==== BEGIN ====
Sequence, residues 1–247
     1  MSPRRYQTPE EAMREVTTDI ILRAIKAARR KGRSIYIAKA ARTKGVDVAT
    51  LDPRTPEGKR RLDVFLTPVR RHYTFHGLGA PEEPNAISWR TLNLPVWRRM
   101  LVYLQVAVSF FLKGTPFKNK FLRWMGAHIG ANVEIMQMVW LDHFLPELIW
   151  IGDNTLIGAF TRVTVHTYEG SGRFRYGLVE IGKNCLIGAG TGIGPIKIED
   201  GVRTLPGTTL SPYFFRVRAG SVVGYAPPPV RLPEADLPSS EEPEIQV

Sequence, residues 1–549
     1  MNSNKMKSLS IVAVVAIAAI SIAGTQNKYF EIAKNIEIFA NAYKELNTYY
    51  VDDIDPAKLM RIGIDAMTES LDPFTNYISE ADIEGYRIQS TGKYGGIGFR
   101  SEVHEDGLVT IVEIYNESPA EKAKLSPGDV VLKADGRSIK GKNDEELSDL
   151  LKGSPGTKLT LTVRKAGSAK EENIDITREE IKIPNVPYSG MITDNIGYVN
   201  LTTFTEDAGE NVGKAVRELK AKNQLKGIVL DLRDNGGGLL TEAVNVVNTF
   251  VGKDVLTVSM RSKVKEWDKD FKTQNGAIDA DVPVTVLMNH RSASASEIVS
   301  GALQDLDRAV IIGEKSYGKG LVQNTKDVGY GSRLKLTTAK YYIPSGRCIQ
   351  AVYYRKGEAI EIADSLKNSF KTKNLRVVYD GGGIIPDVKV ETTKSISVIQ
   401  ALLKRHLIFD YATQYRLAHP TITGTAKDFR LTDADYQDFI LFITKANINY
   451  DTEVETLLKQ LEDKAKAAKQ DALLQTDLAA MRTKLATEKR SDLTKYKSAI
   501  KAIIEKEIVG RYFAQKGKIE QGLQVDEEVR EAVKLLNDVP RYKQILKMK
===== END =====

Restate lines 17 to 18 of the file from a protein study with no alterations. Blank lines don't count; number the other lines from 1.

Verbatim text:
   451  DTEVETLLKQ LEDKAKAAKQ DALLQTDLAA MRTKLATEKR SDLTKYKSAI
   501  KAIIEKEIVG RYFAQKGKIE QGLQVDEEVR EAVKLLNDVP RYKQILKMK